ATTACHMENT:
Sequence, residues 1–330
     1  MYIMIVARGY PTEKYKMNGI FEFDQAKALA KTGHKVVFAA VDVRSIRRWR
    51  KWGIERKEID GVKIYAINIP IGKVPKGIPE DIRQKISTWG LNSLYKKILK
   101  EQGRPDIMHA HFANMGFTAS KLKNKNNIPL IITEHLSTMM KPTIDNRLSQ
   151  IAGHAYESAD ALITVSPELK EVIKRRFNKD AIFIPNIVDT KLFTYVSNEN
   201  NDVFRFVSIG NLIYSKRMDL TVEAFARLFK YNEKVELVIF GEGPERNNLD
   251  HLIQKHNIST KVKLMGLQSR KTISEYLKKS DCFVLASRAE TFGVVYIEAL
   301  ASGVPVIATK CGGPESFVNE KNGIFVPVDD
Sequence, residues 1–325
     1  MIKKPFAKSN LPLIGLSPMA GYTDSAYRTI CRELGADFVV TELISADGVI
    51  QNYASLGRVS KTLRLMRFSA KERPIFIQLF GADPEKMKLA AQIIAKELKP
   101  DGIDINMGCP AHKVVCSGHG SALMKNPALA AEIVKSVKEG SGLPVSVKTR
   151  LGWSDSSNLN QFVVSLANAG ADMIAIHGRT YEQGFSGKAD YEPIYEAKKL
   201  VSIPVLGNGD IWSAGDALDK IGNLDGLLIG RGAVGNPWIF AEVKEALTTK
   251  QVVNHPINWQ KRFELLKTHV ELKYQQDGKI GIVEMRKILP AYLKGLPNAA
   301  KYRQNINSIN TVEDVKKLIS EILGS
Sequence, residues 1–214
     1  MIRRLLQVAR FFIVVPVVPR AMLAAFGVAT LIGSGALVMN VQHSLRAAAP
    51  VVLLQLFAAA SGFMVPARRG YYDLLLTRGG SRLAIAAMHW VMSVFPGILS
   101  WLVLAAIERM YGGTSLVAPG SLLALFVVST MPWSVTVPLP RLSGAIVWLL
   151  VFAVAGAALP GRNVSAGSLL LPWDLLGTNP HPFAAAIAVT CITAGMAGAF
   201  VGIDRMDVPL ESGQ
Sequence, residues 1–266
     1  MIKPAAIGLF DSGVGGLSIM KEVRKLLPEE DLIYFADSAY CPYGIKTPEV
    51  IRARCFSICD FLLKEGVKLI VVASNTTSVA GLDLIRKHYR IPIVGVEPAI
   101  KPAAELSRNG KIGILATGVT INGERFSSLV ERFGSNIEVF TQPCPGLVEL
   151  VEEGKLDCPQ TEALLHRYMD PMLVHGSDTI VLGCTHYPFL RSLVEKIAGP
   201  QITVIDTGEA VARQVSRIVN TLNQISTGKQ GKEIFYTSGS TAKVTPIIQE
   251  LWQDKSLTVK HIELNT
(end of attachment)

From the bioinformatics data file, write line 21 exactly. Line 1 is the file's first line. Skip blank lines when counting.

   151  VFAVAGAALP GRNVSAGSLL LPWDLLGTNP HPFAAAIAVT CITAGMAGAF